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2,000-year-old hunk of butter might still be edible

Only daredevils with iron stomachs could seriously think about tasting an ancient lump of bog-preserved dairy product.

That's one big chunk of bog butter.

Cavan County Museum

Aged cheeses are prized for their mature flavor, but 2,000 years may be taking the aging process a little too seriously. On Friday, the Cavan County Museum in Ireland announced the discovery of a 22-pound (10-kilogram) mass of "bog butter" estimated to be around 2,000 years old. Bog butter is typically made from cow's milk and was historically stored in bogs for protection.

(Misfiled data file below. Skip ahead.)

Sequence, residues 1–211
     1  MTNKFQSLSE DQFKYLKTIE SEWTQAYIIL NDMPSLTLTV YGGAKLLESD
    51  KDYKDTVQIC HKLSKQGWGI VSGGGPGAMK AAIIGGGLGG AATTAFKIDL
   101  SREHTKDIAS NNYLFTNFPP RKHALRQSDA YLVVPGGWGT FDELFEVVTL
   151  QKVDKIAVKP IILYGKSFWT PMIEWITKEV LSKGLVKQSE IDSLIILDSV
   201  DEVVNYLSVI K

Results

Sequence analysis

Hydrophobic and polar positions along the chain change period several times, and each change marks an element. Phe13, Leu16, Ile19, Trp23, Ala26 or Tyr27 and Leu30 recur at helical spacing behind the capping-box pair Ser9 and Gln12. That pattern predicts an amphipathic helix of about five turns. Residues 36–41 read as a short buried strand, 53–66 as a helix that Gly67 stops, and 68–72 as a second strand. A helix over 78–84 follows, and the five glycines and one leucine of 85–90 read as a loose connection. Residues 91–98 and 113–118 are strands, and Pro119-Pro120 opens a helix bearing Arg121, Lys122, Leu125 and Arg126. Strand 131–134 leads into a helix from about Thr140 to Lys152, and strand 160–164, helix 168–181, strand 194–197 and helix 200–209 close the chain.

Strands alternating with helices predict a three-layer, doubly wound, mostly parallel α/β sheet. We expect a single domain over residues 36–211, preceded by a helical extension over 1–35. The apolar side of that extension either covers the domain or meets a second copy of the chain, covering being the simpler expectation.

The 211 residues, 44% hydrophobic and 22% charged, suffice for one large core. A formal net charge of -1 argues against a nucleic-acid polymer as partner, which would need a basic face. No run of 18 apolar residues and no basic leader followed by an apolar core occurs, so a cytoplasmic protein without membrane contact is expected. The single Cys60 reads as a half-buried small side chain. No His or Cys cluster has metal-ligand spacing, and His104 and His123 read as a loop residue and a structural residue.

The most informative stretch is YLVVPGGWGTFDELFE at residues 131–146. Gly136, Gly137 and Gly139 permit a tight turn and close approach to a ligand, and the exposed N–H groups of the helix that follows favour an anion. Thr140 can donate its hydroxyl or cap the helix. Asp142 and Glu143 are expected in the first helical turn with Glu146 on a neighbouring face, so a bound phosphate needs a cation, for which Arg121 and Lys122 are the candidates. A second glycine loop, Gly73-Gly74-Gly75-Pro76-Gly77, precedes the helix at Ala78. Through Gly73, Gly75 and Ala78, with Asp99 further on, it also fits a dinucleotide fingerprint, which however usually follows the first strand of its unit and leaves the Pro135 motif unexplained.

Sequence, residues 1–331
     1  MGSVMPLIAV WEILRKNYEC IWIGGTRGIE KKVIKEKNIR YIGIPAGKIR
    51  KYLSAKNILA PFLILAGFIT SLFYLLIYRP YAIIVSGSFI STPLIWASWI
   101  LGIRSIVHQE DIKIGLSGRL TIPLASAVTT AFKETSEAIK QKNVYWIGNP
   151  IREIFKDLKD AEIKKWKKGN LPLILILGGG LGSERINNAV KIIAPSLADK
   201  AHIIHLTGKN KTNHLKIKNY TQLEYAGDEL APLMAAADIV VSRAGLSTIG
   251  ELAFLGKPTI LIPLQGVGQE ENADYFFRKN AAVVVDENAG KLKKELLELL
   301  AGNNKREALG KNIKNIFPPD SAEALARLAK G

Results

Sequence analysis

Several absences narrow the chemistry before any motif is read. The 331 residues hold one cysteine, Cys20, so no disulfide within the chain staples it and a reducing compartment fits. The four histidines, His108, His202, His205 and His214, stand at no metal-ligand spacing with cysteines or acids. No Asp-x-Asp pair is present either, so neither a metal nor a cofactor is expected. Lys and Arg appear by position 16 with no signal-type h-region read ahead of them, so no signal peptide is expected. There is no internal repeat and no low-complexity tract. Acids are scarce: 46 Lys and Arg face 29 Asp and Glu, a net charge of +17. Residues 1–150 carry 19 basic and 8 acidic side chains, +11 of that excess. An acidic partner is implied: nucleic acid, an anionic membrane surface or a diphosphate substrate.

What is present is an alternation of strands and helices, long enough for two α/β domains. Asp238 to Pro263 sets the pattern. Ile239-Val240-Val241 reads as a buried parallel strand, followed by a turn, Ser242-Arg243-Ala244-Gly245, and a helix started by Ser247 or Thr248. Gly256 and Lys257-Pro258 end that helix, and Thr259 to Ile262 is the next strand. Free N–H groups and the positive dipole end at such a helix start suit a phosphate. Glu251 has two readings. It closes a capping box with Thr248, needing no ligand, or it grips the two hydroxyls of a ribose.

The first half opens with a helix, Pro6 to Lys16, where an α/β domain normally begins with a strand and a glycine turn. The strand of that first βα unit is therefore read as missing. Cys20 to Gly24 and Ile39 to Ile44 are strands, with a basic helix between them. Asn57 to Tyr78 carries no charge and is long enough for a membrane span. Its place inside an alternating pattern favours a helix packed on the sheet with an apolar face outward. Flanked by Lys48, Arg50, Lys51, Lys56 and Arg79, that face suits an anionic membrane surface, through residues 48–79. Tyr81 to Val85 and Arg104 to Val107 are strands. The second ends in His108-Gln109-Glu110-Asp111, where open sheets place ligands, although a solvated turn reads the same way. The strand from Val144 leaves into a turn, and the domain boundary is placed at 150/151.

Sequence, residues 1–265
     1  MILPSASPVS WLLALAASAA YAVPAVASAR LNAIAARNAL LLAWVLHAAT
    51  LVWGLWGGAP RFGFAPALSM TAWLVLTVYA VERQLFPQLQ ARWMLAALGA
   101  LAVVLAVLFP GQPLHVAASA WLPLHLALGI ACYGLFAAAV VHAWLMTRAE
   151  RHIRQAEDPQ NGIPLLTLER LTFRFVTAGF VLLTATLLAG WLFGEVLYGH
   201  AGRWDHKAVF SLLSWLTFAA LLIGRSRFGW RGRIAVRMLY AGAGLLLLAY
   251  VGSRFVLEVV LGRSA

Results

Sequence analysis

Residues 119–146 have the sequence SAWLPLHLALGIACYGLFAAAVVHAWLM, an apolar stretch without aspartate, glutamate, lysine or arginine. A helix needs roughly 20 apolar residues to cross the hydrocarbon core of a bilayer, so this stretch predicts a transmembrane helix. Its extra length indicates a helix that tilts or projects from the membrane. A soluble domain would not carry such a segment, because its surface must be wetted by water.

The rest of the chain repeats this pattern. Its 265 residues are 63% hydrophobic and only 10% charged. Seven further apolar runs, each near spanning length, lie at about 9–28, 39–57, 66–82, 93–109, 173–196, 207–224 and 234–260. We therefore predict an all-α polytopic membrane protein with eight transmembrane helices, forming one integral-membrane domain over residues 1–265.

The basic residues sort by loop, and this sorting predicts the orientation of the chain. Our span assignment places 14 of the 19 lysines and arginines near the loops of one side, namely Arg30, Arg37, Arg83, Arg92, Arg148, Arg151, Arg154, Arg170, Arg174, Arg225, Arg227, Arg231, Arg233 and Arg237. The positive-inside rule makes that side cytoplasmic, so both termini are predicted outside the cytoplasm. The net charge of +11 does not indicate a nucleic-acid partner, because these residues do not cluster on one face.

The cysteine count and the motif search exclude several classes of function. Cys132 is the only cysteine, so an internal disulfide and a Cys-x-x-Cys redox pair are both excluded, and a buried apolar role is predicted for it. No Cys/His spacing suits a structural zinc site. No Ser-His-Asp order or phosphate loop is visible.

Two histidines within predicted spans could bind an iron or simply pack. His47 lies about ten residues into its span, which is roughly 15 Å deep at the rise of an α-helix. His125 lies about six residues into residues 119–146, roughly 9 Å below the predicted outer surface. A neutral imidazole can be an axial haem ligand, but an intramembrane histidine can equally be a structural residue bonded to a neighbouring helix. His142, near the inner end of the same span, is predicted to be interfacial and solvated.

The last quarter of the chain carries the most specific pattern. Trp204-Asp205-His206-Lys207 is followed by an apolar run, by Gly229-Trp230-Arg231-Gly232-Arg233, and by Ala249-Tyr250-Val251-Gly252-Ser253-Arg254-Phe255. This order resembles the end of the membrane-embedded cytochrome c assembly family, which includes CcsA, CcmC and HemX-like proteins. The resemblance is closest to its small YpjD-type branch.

The museum notes bogs are wonderful places to store dairy items due to their "low temperature, low oxygen and highly acidic environment." The butter may have been tucked into the bog as a religious offering to spirits. It was considered a luxury item and was sometimes used as a form of payment.

According to Irish news site Breaking News, the bog butter smells like strong cheese. The dairy substance is now in the possession of the National Museum of Ireland for conservation and study. Andy Halpin from the National Museum says, "Theoretically the stuff is still edible but we wouldn't say it's advisable."